Chapter 1. Introduction

Table of Contents

1. Welcome to GIMP
1.1. Authors
1.2. The GIMP Help system
1.3. Features and Capabilities
2. What's new in GIMP 2.10?
2.1. Updated user interface and initial HiDPI support
2.2. GEGL port, high bit depth support, multi-threading, and more
2.3. Linear color space workflow
2.4. Color management revamped
2.5. Layers and masks
2.6. More use for CIE LAB and CIE LCH
2.7. New and improved tools
2.8. Digital painting improvements
2.9. Digital photography improvements
2.10. Effects
2.11. Usability improvements
2.12. File formats support
2.13. Metadata viewing, editing, and preservation
2.14. On-canvas interaction
2.15. Simplified bug reporting and crash recovery
2.16. API changes
2.17. Roadmap and what's next

1. Welcome to GIMP

GIMP is a multi-platform photo manipulation tool. GIMP is an acronym for GNU Image Manipulation Program. The GIMP is suitable for a variety of image manipulation tasks, including photo retouching, image composition, and image construction.

GIMP has many capabilities. It can be used as a simple paint program, an expert quality photo retouching program, an online batch processing system, a mass production image renderer, an image format converter, etc.

GIMP is expandable and extensible. It is designed to be augmented with plug-ins and extensions to do just about anything. The advanced scripting interface allows everything from the simplest task to the most complex image manipulation procedures to be easily scripted.

One of The GIMP's strengths is its free availability from many sources for many operating systems. Most GNU/Linux distributions include The GIMP as a standard application. The GIMP is also available for other operating systems such as Microsoft Windows™ or Apple's Mac OS X™ (Darwin). The GIMP is a Free Software application covered by the General Public License [GPL]. The GPL provides users with the freedom to access and alter the source code that makes up computer programs.

1.1. Authors

The first version of the GIMP was written by Peter Mattis and Spencer Kimball. Many other developers have contributed more recently, and thousands have provided support and testing. GIMP releases are currently being orchestrated by Sven Neumann and Mitch Natterer and the other members of the GIMP-Team.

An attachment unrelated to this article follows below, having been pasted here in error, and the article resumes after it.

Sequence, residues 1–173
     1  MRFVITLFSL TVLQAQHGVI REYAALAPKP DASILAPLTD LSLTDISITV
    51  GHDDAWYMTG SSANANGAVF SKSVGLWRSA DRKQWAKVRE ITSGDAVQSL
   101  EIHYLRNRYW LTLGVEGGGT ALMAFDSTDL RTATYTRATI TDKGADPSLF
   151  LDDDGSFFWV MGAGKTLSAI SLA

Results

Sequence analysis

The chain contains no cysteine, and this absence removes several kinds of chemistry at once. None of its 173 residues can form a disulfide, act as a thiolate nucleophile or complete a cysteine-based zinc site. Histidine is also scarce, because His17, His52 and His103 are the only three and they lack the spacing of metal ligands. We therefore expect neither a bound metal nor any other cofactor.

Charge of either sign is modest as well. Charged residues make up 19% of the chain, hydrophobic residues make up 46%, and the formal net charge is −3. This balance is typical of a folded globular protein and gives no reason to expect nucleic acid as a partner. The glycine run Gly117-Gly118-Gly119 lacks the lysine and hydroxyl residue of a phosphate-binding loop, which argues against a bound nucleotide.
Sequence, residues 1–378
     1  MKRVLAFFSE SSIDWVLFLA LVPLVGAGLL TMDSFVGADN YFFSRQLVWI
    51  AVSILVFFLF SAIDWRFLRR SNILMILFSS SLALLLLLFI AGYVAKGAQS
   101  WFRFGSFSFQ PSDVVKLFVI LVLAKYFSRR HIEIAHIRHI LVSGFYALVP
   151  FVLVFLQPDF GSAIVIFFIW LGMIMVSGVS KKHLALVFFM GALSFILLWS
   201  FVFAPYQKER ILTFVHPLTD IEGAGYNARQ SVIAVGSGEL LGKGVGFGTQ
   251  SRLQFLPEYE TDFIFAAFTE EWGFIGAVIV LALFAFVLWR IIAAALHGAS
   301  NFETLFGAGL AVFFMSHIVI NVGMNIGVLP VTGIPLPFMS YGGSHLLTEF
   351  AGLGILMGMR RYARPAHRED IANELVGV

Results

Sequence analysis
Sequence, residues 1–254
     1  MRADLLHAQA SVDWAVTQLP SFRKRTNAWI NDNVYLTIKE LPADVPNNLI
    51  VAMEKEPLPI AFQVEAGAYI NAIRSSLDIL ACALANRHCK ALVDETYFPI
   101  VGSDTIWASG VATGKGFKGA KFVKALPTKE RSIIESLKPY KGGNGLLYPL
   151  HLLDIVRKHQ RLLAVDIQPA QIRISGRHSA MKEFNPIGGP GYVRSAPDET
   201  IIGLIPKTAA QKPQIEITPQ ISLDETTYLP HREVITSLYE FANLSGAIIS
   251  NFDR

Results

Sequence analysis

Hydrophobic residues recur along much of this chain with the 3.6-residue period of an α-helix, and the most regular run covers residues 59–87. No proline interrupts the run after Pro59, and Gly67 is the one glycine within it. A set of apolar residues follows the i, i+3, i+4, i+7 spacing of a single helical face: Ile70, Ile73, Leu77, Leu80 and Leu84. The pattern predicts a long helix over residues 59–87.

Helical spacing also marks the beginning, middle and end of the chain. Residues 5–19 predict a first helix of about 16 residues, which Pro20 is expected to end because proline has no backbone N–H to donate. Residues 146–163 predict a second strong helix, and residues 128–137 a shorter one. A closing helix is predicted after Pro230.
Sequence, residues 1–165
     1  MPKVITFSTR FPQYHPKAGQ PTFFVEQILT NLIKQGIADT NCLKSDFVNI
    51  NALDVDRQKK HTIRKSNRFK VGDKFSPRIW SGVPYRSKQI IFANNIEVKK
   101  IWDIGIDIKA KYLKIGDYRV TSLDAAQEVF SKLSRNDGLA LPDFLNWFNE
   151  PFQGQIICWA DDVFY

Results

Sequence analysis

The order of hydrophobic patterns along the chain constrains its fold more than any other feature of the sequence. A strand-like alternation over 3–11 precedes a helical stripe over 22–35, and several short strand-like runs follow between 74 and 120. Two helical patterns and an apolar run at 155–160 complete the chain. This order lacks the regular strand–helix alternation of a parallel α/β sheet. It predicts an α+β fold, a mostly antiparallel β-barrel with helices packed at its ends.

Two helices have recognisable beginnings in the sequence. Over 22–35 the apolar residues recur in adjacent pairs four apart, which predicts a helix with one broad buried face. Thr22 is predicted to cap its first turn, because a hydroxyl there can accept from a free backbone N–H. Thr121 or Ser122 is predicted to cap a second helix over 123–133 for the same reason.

1.2. The GIMP Help system

The GIMP Documentation Team and other users have provided you with the information necessary to understand how to use GIMP. The User Manual is an important part of this help. The current version is on the web site of the Documentation Team [GIMP-DOCS] in HTML format. The HTML version is also available as context sensitive help (if you installed it) while using GIMP by pressing the F1 key. Help on specific menu items can be accessed by pressing the F1 key while the mouse pointer is focused on the menu item. Read on to begin your GIMP journey.

1.3. Features and Capabilities

The following list is a short overview of some of the features and capabilities which GIMP offers you:

  • A full suite of painting tools including brushes, a pencil, an airbrush, cloning, etc.

  • Tile-based memory management, so image size is limited only by available disk space

  • Sub-pixel sampling for all paint tools for high-quality anti-aliasing

  • Full Alpha channel support for working with transparency

  • Layers and channels

  • A procedural database for calling internal GIMP functions from external programs, such as Script-Fu

  • Advanced scripting capabilities

  • Multiple undo/redo (limited only by disk space)

  • Transformation tools including rotate, scale, shear and flip

  • Support for a wide range of file formats, including GIF, JPEG, PNG, XPM, TIFF, TGA, MPEG, PS, PDF, PCX, BMP and many others

  • Selection tools, including rectangle, ellipse, free, fuzzy, bezier and intelligent scissors

  • Plug-ins that allow for the easy addition of new file formats and new effect filters.